The talented storytellers and animators at Pixar are too creative to be devoting so much time to sequels like "Finding Dory," but money talks. At least they're clever and thoughtful enough to turn an easy payday into something entertaining and heartfelt.
Created 13 years after "Finding Nemo," at least filmmaker Andrew Stanton had some time and space to let his vibrant animated underwater world and colorful characters breathe, and find a story that needed telling. That story centers on sidekick character Dory (Ellen DeGeneres), the blue tang fish with short-term memory loss, who suddenly uncovers some long-term memories about her family and goes off in search of them.
One of the more lovable supporting characters in Pixar's short but storied history, Dory makes for a great subject, and her disability allows for a really powerful and uplifting message. "Inside Out" changed the everyday discussion about emotions last year; "Dory" continues the studio's impressive focus on social values and teaching utility that should inspire so many of its younger viewers or at least give adults the tools to discuss these challenges with the children in their lives.
"Dory" is also clever and entertaining, even if the story structure relies heavily on convention and repetition. Dory's search for mom and dad takes her to a California marine life park, where almost all the action takes place. It's a very Pixar move to put these characters in an environment we know with humans in the background oblivious to the story unfolding (think "Toy Story"), but it kind of takes away from the majesty of the open water that made "Finding Nemo" so epic. That film was truly an odyssey, a long and winding, exhaustive journey, whereas the "Dory" plot feels as though it is stuffed with predicaments and complications that prolong the end point that we know is just within reach (and inevitable).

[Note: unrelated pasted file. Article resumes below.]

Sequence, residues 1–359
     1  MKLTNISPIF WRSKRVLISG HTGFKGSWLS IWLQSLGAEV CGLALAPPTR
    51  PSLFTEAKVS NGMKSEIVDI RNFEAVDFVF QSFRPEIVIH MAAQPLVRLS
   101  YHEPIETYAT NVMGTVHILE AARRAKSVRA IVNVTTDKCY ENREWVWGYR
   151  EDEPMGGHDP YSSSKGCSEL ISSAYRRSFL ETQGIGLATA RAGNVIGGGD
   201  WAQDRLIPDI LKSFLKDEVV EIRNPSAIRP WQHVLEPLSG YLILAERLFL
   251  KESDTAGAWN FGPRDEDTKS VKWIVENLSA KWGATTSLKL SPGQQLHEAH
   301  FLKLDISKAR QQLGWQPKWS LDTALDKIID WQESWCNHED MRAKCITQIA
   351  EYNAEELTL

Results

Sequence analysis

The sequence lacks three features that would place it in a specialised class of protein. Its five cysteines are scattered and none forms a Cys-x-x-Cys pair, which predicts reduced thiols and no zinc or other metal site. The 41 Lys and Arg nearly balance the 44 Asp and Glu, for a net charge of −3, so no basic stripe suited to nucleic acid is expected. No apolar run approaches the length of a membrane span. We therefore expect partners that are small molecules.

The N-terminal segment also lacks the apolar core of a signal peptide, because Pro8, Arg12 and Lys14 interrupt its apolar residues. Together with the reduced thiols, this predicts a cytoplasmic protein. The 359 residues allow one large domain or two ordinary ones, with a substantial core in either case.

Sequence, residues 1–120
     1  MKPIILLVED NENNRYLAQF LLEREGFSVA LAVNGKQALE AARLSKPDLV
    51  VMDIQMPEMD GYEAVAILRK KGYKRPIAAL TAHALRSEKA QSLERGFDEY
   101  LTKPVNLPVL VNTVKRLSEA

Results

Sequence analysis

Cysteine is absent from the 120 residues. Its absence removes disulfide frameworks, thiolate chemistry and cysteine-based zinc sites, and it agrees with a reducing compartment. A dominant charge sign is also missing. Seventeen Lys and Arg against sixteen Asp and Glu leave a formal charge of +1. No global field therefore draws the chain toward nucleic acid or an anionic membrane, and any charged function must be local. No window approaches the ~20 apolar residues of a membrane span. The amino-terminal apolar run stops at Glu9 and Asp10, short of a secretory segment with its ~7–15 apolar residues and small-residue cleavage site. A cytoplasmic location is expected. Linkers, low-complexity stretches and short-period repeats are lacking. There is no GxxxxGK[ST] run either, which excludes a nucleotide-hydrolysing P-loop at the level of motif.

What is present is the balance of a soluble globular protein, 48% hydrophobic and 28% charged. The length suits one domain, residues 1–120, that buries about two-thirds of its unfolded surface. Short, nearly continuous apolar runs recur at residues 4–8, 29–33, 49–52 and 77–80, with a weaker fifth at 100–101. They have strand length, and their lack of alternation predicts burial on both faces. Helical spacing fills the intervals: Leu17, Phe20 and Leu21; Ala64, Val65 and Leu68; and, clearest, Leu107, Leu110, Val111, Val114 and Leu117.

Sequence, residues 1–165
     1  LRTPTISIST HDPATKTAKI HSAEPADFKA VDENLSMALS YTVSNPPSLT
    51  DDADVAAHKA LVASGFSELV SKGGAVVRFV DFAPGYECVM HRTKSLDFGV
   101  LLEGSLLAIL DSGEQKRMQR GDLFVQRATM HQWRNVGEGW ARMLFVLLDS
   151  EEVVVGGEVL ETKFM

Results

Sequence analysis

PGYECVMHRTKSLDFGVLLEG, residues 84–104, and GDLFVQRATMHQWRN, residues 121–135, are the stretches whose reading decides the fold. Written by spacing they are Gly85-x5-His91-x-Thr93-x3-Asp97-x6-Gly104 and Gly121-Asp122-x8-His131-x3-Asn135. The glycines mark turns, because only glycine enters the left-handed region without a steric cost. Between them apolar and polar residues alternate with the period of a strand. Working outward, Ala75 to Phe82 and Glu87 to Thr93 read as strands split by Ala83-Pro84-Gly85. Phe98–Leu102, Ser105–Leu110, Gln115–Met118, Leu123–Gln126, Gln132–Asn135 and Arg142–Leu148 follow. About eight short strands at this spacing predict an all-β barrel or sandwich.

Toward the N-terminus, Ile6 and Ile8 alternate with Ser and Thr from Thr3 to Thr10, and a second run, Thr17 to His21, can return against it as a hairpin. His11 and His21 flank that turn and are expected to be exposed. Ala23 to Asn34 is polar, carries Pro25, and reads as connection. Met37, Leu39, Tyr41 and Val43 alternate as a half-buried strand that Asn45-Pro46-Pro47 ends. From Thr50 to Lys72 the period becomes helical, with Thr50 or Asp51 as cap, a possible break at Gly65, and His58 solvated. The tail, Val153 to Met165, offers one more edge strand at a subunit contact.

Essentially, Dory and Nemo and Marlon, who are chasing after her find themselves in and out of dangerous situations (or in jeopardy of their plan failing) with minor breathing room in between and the help of more new supporting characters, most notably a camouflaging "septopus" named Hank (Ed O'Neill). Their escapes are preposterous, which is no shocker, but the filmmakers' ingenuity loses a bit of sparkle the more frequently it occurs.
But these criticisms come with the high bar Pixar has set for itself. If the studio is going to go for the sequel cash-grab, it needs to justify the choice through creative, thoughtful storytelling. "Dory" does this better than "Cars 2" and "Monsters University," but there's just enough of a sense that it was produced by a sequel machine.
All this makes the film's heart and social welfare component all the more vital. In this area, Stanton and co. do not falter one iota. Leaning on a story formula is less of a sin than creating a family film that has nothing original to say and doesn't pull at the heartstrings. "Finding Dory" avoids this most important sequel pitfall and its emotional factor proves, in the end, to be the only justification Pixar needed to bring us Nemo, Marlon and Dory once more.